“Africa Needs More Relevant Education” –Spio-Garbrah


The Minister for Trade and Industry of Ghana, Dr Ekwow Spio-Garbrah has told a summit conference on Higher Education in Africa that the content of the Continent’s educational system needs radical overhauling if African University graduates are to more readily find employment.

Dr Spio-Garbrah was speaking in Dakar, Senegal, at the three-day African Higher Education Summit, attended by some 800 ministers, ambassadors, university vice chancellors and professors, educational planners, as well as officials of major multilateral and bilateral institutions and non-governmental organizations. Opened by Senegal’s President Macky Sall and attended by AU Commission President Dr Nkosazana Dlamini Zuma, the Summit also received a keynote address from UN Secretary-General.
In thought-provoking remarks on the subject of “Business, Higher Education and Employability”, Ghana’s Trade and Industry Minister challenged any in the large audience of highly qualified academics from around the world who were not metallurgists to raise their hands if they knew how various grades of rocks were processed and refined into gold. Two people raised their hands. He then asked how many in the distinguished audience who were not agronomists but could write a one-page summary paper on how cocoa seeds became seedlings, were planted as trees, were harvested as cocoa pods, and processed into chocolates. No hands went up.

Dr. Spio-Garbrah then informed the audience that this vacuum in relevant practical knowledge was because the education most African intellectuals and professionals including himself received were totally unrelated to the natural resources around them and the fundamentals of their country’s economic production. He stated that the same general ignorance applied to simple processes such as the conversion of tomatoes into paste, cassava into starch, or cotton into textiles.

The former Education Minister was of the view that until African countries got help from their own industrialists to change the curricula of their schools, especially in the secondary and tertiary sector, Africa will continue to produce graduates who will find a hard time finding jobs or starting their own businesses.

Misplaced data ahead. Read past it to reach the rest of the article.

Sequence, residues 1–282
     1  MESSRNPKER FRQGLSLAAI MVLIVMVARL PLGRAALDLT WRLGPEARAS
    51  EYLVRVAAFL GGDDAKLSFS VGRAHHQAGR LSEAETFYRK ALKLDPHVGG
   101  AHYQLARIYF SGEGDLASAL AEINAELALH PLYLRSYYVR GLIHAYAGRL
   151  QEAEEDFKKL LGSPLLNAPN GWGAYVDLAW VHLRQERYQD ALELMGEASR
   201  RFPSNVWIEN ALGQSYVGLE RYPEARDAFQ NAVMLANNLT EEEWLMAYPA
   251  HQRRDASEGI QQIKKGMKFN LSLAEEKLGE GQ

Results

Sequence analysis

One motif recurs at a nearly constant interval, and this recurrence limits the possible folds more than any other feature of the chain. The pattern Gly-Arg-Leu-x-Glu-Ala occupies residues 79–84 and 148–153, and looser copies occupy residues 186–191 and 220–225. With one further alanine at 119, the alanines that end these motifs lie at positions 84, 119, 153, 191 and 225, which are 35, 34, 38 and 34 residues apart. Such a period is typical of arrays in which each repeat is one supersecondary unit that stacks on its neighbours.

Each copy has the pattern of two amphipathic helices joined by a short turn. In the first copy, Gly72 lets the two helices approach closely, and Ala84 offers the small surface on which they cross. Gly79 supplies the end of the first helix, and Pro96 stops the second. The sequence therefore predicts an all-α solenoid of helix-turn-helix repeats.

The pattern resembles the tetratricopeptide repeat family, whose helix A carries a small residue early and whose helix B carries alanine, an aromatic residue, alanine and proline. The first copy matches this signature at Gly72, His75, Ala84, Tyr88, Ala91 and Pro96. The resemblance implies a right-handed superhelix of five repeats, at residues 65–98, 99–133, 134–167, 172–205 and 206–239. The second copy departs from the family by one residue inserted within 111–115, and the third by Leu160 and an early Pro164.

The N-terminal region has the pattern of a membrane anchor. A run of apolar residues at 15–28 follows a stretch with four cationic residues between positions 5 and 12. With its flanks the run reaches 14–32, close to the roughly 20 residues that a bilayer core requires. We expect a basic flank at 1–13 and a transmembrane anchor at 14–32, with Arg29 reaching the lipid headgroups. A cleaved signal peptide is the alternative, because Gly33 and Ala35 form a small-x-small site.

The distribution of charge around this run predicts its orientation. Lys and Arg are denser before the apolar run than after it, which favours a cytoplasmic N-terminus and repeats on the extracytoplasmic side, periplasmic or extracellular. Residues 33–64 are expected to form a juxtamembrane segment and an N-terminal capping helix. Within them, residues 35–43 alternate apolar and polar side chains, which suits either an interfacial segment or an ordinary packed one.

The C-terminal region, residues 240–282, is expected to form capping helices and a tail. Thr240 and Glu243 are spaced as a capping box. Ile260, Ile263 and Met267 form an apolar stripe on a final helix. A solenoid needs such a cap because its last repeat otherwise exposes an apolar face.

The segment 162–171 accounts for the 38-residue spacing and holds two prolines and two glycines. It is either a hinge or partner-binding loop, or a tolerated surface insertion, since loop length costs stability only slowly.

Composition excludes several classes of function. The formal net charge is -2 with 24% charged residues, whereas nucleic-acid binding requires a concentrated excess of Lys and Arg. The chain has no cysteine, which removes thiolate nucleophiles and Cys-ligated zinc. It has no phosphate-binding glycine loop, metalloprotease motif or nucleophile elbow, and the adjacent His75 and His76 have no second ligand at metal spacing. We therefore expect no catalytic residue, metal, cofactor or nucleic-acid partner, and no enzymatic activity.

He disclosed that having been Minister of Education and now working as Minister of Trade and Industry, he had become keenly aware of the total disconnect between what most African economies need and the knowledge content of graduates most African schools and colleges were producing. He stated that a three-way consultation needs to be held urgently between governments, industry and academia to introduce a whole new set of relevant knowledge into the education curriculum, to ensure that graduates could become more employable or could begin their own businesses.

Dr Spio-Garbrah informed the august gathering that while governments, academia and the private sector could do a lot to bridge the yawning knowledge gap that made many graduates unemployable, there was a role for non-governmental organisations, such as the African Business Centre for Developing Education (ABCDE). He said organisations like ABCDE could be among agencies that could initiate and manage a range of programmes to bring professionals and industrialists into classroom to help change the limited range of knowledge content most students are exposed to. Through internships, attachments, career counseling and guidance, industrial days, excursions, mentorships and other interventions, it was possible for entities such as ABCDE to bring the world of business and industry closer to classrooms, Dr Spio-Garbrah urged.

Other Ghanaian officials who attended the Summit were Deputy Minister of Education, Samuel Okudjeto Ablakwa, who spoke on the issue of “Higher Education and Gender”; Prof Clifford Tagoe, former Vice Chancellor of the University of Ghana, who addressed the subject of “Differentiation and Diversification”; Dr Patrick Awuah, President of Ashesi University, who moderated a session on “Investment in African Higher Education”; and Prof. Ernest Aryeeteh, Vice Chancellor of the University of Ghana, who spoke on the subject of “Quality, Excellence and Relevance.”

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